All employers will clearly be concerned about the impact on their staff and business of the COVID-19 outbreak. Employers will be formulating contingency plans to facilitate remote working where possible and to deal with possible resourcing and supply chain issues. Communication with staff on travel and absence policies along with advice on hygiene and support will be key.
Employers should ensure they are monitoring the government’s daily updated advice; a list of all its relevant publications is here. Specific guidance for employers covers practical steps to take where individuals have returned to the workplace from other affected countries or have tested positive for the virus. At the time of writing, Public Health England is advising that returning travellers – even those without symptoms – self-isolate if returning from specified high risk zones, and those returning from other listed countries self-isolate if showing symptoms. Employers should also refer to Acas guidance covering health and safety precautions, entitlement to sick pay, dealing with sick or concerned staff, and workplace closure, as well as the World Health Organisation’s guidance for employers.
The updated Acas guidance now reflects comments made by Health Secretary Matt Hancock that statutory sick pay should be available to everyone who is advised by NHS 111 or a GP to self-isolate despite having no symptoms (in addition to those who are off sick with symptoms). Specific regulations have been made deeming these asymptomatic individuals to be sick for these purposes. The government has also announced emergency legislation to temporarily extend statutory sick pay to cover from day one of absence rather than day four. Employers should of course also comply with any pay obligations in contractual absence policies and will want to ensure that their absence policies do not discourage appropriate self-isolation. Where employers choose to instruct individuals to stay at home when this is not medically advised, they will normally need to provide full pay even if it is not possible to require the individual to perform their work remotely.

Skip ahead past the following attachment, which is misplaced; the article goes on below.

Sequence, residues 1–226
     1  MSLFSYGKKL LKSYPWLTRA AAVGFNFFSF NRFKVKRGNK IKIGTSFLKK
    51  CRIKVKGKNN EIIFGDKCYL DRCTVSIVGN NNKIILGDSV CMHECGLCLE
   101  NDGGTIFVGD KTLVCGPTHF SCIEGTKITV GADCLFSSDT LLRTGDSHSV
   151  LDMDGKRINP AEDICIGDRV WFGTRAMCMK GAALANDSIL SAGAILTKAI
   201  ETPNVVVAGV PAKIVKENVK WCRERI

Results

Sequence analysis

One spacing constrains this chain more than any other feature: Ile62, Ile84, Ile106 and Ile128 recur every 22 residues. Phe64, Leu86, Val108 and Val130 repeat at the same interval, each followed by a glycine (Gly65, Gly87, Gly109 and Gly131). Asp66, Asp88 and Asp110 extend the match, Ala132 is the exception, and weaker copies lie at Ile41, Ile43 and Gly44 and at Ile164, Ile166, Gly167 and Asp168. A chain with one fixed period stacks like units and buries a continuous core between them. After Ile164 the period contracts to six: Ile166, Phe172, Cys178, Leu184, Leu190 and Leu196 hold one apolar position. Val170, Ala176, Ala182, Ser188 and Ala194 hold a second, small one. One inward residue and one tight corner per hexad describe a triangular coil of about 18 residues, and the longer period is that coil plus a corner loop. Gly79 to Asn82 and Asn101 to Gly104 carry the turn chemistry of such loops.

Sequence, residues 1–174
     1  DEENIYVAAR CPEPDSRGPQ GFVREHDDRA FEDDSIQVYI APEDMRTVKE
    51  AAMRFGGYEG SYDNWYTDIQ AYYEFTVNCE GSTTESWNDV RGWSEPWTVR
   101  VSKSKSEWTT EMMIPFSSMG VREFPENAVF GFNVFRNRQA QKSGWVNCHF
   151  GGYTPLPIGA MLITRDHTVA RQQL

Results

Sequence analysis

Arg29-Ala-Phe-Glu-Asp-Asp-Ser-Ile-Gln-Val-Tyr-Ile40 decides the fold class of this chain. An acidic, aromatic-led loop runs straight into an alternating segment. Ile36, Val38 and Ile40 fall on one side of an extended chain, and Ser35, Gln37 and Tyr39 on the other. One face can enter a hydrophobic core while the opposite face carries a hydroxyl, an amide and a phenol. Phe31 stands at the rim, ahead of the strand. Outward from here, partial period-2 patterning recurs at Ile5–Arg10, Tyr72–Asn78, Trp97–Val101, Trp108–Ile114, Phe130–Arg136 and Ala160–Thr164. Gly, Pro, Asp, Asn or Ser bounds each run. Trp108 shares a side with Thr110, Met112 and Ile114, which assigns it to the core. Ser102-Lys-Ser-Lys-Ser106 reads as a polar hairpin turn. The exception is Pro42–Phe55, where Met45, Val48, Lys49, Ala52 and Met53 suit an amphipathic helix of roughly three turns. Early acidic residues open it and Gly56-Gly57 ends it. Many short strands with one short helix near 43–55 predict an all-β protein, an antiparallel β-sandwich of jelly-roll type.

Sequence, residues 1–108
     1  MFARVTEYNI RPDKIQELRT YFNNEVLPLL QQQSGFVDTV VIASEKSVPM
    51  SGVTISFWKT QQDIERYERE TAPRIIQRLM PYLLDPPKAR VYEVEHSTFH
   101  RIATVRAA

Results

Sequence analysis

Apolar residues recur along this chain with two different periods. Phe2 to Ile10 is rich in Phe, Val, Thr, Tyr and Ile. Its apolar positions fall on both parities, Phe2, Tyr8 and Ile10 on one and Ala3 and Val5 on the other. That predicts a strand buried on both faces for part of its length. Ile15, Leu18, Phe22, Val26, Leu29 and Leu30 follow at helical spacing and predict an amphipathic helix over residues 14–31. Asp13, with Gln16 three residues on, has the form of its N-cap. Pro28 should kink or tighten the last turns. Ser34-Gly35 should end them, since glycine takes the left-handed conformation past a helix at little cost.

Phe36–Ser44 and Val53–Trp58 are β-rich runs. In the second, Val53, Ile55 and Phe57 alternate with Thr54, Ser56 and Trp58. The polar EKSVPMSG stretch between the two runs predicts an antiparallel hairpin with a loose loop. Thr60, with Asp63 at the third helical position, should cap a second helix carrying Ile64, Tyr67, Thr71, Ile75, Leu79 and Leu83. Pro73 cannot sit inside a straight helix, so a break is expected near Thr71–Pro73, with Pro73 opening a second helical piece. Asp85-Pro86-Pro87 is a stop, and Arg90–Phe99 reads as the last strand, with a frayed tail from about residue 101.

Employers may also face requests to work remotely from concerned but well employees, who haven’t travelled to the listed countries. These should be handled sensitively bearing in mind that certain individuals may have more reason to be concerned, eg pregnant employees or those with pre-existing conditions that put them at greater risk of developing severe illness (who may also qualify as disabled and therefore be entitled to reasonable adjustments). It may be appropriate to carry out a specific risk assessment if aware of staff who may be at additional risk. Options to consider include remote working, unpaid leave, and holiday. Employers may also need to take steps to prevent employees being subjected to racial harassment arising from the outbreak.
The government is reported also to be considering emergency legislation which would allow skilled, experienced or qualified volunteers up to four weeks’ leave from their usual jobs in order to work temporarily in the NHS or care homes.